This effect has given rise to black silicon solar cells with overall reflectance as low as 0.3%. By comparison, common crystalline silicon has an overall reflectance (for a broad region of the material) of approximately 30%. In most c-Si cells, the reflection is reduced by applying an anti-reflective coating to the front surface. However, the drastic reduction in reflection that results from the black silicon etching technique eliminates the need (and associated manufacturing costs) for this coating.
How It Is Made
These cells are produced using a manufacturing technique known as wet chemical etching. By soaking the silicon in an acidic solution, a chemical reaction occurs that produces silicon dioxide. The silicon dioxide is then dissolved in another substance (often hydrofluoric acid) and is transported away from the surface. Depending on the amount of time spent soaking and dissolving specific regions on the panel, and the different substances used for these processes, varying amounts of silicon will be removed. This allows the manufacturer to create a pattern of peaks and valleys by controlling the etching times and acids used. More details on the chemistry and etching rates of different acids is available in a document produced by the University of Washington’s Electrical Engineering department.
What Still Needs Work
While black silicon technology drastically increases the amount of incoming light transmitted into the material, this is not the only interaction that will affect the overall efficiency of a solar cell. Many other factors are should be considered when measuring how much energy a solar cell will produce, including which wavelengths of light are absorbed, how many charge carriers actually make it through the circuit, and the other sources of electrical resistance that exist along the current path.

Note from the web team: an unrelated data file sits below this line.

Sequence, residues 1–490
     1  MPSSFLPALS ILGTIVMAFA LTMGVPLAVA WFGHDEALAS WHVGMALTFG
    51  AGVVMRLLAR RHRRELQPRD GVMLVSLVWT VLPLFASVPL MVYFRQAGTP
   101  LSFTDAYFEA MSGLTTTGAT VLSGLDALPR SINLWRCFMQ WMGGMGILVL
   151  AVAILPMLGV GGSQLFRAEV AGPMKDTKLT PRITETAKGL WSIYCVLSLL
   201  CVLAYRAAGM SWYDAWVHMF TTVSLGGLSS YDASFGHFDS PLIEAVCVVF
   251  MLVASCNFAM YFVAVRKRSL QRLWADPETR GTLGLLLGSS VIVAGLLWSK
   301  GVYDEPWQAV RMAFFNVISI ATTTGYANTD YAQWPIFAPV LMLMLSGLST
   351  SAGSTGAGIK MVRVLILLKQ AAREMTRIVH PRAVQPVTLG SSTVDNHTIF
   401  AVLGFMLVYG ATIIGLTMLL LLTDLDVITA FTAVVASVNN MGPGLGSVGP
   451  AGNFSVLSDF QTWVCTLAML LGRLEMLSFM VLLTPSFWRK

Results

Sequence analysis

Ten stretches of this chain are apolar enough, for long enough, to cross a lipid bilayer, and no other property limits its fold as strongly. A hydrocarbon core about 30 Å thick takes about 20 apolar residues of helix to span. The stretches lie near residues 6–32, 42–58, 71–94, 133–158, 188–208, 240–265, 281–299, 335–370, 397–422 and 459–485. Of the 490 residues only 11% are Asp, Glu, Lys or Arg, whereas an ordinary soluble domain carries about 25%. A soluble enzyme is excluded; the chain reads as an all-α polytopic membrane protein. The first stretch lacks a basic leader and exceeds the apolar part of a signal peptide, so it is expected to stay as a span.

In the case of black silicon cells, the main issue relates to the unusually high level of surface recombination. Photovoltaic (PV) solar cells operate via the photoelectric effect, in which the energy from incoming light is absorbed into electrons inside the semiconducting material. Those higher-energy, excited, electrons break away from their atoms and travel freely throughout the crystal lattice (a 3-D ordered pattern of atoms), leaving behind positively charged holes. These holes are merely locations which ordinarily would be occupied by a negatively charged electron, but are now empty spaces. As electrons around the holes move, the holes can travel freely through the crystal just like the electrons.
At the surface of the material, metal conducting contacts draw electrons into a circuit, where their electrical energy is then used to power external devices. After the electron makes a full trip around the circuit, it recombines with a hole to return to its original state, known as the ground, or relaxed, state.